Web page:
Foundation News

Faith, Family & Football

Date 11/19/2012


NFL Player Engagement.Com

This week’s Faith, Family, & Football feature is: O.J. Brigance, Former Baltimore Raven

O.J. Brigance is a Senior Advisor to Player Engagement for the Baltimore Ravens and a former Ravens and Baltimore Stallion LB. He first started as Director of Player Development for the Ravens in 2004 and has made significant contributions to the department serving as a resource for players and their families, as well as empowering their continuing evolution into well-rounded and productive citizens.

Brigance’s football career began in the CFL with the British Columbia Lions. He spent 3 seasons with the Lions (1991-93) and was named an All-Conference LB. Brigance then joined the CFL’s Baltimore Stallions from 1994-95, helping the team earn a Grey Cup Championship in 1995. He entered the NFL in 1996 with the Miami Dolphins and was voted as a team captain twice in 4 seasons. Brigance earned a Super Bowl ring with the Ravens in 2000 where he was a key contributor to their special teams. He is one of a few players to have won both a CFL and NFL championship, and is the only one to accomplish the feat with teams from the same city.

In 2007 Brigance was diagnosed with amyotrophic lateral sclerosis (ALS), a motor neuron disease. He is determined to win his fight against the disease and has created a foundation to assist ALS research called the “Brigance Brigade”. Since its launch Brigance Brigade has raised several funds to improve the quality of life for ALS patients and support research to find a cure. Despite his circumstances Brigance continues to invest in the lives of Ravens athletes and many others within the community. Who better to do so than a man that has achieved great success throughout life, persevered through many challenges, and stands strong in his faith. NFLPE is delighted to present one of our very own, and share his views on Faith, Family, & Football.

PE: Why is faith important to you?

Brigance: Faith is important to me because it gives me the strength to challenge the conventional thinking and limitations of this life. It gives me vision to see beyond present circumstances to achieve all God has in store for me. In order to ever see greatness in the physical, we must first see it in our spirit.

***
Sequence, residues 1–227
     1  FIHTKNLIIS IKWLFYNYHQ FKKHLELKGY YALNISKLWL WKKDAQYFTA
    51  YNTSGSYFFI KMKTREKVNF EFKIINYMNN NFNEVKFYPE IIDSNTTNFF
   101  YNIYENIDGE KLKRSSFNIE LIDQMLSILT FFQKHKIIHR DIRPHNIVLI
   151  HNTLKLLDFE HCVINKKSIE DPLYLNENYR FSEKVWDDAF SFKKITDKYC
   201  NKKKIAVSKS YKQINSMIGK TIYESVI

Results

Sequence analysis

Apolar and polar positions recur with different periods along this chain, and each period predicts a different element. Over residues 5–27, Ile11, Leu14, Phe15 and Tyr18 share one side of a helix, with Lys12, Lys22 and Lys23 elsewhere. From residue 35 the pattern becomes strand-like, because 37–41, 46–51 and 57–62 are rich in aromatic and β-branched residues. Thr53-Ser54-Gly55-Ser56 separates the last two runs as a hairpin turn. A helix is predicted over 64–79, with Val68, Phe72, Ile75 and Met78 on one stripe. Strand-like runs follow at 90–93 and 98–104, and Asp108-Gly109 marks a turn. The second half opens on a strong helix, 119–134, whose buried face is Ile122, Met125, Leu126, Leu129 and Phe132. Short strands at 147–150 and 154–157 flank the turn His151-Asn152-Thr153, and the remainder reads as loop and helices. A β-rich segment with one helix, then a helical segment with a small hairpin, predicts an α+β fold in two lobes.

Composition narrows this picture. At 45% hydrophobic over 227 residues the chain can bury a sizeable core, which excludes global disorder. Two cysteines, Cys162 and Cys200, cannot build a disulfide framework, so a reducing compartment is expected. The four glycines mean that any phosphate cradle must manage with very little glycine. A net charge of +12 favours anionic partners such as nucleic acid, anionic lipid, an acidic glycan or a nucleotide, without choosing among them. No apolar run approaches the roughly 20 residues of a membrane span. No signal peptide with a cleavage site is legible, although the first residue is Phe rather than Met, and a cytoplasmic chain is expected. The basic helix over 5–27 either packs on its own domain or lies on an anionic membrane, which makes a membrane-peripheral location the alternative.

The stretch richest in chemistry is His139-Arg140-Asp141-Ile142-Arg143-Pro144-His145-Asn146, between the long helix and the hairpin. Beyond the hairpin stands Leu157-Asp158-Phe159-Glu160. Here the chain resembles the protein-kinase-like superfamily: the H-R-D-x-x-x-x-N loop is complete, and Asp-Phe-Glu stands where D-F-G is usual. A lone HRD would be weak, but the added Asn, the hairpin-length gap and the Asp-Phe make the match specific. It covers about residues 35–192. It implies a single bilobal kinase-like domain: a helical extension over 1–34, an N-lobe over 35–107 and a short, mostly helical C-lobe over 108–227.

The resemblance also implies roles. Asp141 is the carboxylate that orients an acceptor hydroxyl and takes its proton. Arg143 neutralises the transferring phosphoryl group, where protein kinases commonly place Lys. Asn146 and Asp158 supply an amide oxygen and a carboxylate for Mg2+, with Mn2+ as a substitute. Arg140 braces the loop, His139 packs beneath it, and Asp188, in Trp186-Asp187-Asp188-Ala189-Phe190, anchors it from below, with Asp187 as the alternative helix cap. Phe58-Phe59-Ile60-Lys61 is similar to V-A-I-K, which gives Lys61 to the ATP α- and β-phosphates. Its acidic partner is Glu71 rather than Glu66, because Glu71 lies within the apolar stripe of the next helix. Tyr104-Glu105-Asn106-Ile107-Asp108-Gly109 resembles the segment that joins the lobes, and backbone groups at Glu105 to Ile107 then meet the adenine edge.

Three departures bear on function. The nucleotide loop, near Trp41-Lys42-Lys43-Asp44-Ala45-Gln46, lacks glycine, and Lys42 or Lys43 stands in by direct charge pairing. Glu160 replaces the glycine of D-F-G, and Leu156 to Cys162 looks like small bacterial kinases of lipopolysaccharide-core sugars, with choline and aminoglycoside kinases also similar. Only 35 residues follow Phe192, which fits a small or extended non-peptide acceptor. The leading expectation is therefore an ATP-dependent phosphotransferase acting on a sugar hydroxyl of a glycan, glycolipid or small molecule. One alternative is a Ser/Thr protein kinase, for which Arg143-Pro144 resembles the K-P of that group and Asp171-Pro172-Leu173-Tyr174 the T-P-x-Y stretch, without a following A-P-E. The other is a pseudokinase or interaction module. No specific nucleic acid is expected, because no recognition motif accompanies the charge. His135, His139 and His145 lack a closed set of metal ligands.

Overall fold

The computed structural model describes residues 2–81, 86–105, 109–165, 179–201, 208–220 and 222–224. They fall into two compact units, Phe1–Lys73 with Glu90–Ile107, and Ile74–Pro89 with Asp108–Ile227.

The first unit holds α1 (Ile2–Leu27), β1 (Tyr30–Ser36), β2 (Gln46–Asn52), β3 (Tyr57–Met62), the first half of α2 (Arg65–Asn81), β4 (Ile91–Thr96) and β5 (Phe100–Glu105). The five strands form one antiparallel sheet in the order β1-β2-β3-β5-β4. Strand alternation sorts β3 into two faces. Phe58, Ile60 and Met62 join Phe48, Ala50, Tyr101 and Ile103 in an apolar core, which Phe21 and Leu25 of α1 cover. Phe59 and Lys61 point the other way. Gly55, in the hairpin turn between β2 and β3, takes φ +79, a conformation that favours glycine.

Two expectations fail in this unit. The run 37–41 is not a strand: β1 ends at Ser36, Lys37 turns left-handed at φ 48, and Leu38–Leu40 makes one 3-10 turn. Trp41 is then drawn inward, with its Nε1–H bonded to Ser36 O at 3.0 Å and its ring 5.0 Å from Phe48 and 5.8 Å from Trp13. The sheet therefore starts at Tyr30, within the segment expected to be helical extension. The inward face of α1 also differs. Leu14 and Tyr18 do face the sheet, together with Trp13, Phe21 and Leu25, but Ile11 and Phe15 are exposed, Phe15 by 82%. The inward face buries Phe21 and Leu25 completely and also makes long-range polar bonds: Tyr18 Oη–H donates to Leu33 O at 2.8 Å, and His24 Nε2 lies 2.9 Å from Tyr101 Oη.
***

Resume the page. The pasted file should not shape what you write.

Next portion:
PE: Tell us about your family and the impact they’ve had on your life?

Brigance: I have a wonderful wife, of 18 years and extended family who have been a great support structure for me. They believed in me when others didn’t and challenged me when I became complacent. Though it may not be the traditional family setting, people who love you enough to stretch you beyond your comfort zone and believe in you are priceless. Value their counsel and guidance.

PE: What does being a father mean to you?

Brigance: Though, I don’t have biological children, the opportunities I have had to mentor my players has been extremely fulfilling. To see them take the knowledge given and utilize it to improve themselves gives me great pride. Players evolve from college players, to professionals, to men, to husbands and fathers. It is very gratifying to be a part of their journey.

PE: How has your faith and family helped you develop off the field?

Brigance: My faith and family have helped me develop off the field by challenging me to not be self-centered, but God centered. To be successful in any endeavor, it requires great focus and sacrifice. It will cost you something. Too often the singular focus of being great at what we do causes us to lose perspective of who God has
called us to be. My relationship with Jesus has taught me the value of family and friends. What I have been blessed to do for a living is only a platform to affect the people and world around me for Christ. Matt. 6:33

PE: How do you balance faith, family, and football?

Brigance: I used to think I did a good job balancing faith, family and football, until I was diagnosed with ALS in 2007. More commonly known as Lou Gehrig’s disease, it is a motor neuron disease that robs its victims of all voluntary muscle movement, while leaving the mind unaffected. There is no cure and it is fatal, giving a 3 to 5 year life expectancy from the time of diagnosis (visit to learn more). This news forced me to reexamine where I was in regards to my balance of the 3. Putting in long hours at work caused me to sacrifice my faith and family time, which became very evident after my diagnosis. I have learned communication and time management are critical to ensuring faith, family and football time are well balanced.

PE: What advice would you give to student athletes and current professional athletes in regards to their faith, family, and football?

Brigance: Faith, family and football all require time and dedication to be successful. Prioritizing the three, in the exact same order will always pay exponential dividends. A strong faith walk will give you vision and purpose for family and football. If you have been blessed with athletic talent, please understand it is not only for your benefit. It is a tool to glorify God and to honor family. Your God given talents are a platform to impact the world around you. Find a cause to make a difference in the lives of others.